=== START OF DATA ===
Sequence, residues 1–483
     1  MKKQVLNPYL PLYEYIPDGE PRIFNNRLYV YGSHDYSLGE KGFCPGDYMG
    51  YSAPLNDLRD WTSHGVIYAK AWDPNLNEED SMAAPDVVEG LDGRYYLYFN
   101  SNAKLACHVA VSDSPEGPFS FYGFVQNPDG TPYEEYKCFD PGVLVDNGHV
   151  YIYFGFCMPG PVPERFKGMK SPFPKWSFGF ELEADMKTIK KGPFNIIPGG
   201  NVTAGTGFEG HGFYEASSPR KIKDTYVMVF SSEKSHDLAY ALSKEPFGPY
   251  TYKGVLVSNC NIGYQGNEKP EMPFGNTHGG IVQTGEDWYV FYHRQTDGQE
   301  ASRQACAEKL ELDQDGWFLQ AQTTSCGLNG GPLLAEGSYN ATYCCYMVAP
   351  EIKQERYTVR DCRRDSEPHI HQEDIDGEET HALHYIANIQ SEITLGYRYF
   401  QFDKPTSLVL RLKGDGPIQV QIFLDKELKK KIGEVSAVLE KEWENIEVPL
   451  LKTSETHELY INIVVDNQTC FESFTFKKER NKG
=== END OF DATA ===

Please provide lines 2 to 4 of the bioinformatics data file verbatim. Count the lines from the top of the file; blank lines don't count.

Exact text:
     1  MKKQVLNPYL PLYEYIPDGE PRIFNNRLYV YGSHDYSLGE KGFCPGDYMG
    51  YSAPLNDLRD WTSHGVIYAK AWDPNLNEED SMAAPDVVEG LDGRYYLYFN
   101  SNAKLACHVA VSDSPEGPFS FYGFVQNPDG TPYEEYKCFD PGVLVDNGHV